Is “green” consumerism a solution, or is a more radical step required?

Mindful consumption goes beyond “green consumerism.” In the West, in particular, the challenge is really nothing short of forging a whole new identity, one that’s not dependent on our buying power, or the clothes and cars we have, or the toys we buy. This is harder to accomplish than it sounds; it’s a profound personal revolution, as any true Buddhist practice is.

But it’s easy to misunderstand the teachings. Recognizing the impermanence of life and of material things, for instance, we might wonder, Why be so concerned that the cosmetics we are buying are destroying whales? But the answer’s simple: out of sheer compassion. It’s the need to prevent suffering that requires us to inform ourselves and act accordingly.

The Buddha also spoke about consumption of sense impressions—what we take into our minds by way of our eyes and ears. Buddhism suggests that we cultivate a discipline of guarding these doorways of consumption: what movies we see, what books we read, and what images we are ingesting. So it goes beyond purchasing products. Mindful consumption is a deep, radical practice.

Several contributors to Mindfulness in the Marketplace argue that Buddhism in America has been co-opted by the consumer ethic. Do you agree?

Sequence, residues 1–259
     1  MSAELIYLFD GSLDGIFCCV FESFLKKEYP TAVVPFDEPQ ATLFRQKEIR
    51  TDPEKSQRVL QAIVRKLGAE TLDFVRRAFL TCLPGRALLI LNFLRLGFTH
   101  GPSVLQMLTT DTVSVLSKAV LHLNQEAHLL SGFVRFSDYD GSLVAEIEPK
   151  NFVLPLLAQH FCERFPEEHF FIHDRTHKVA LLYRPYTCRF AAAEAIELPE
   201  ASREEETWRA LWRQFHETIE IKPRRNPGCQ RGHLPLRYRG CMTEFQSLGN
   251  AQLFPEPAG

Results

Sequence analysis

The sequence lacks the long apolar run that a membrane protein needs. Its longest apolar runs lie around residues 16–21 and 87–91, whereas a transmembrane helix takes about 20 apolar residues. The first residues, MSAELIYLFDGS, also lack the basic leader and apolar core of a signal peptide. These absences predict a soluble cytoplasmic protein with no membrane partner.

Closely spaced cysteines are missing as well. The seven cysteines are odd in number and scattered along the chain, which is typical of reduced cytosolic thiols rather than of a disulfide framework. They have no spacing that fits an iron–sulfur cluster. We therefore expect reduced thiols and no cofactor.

To some extent. It’s hard to argue that any of us are immune to the values that are generated by global consumer culture. We’re in it, part of it, we’re even promoting it, in our lives and in the society at large. Buddhism, looked at as an institution in modern culture, which it is, is not only co-opted by the consumer ethic but also contributes to it. I mean, tickets to teachings by His Holiness are peddled by scalpers like big-name rock bands are. How much is that gorgeous Buddha in the window of your local antique store? Worse yet, how does your membership in the local zendo, your Buddhist identity, contribute to this false sense that you are better than the great masses of humanity that, by their daily habits of consumption, are dismantling the living systems that all our lives are dependent on?

So yes, Buddhism, like everything else, is affected by consumerism. But the difference, in the case of Buddhism, is that it always asks us to look more deeply. Buddhism will not stop the consumer economy, but it will help transform it.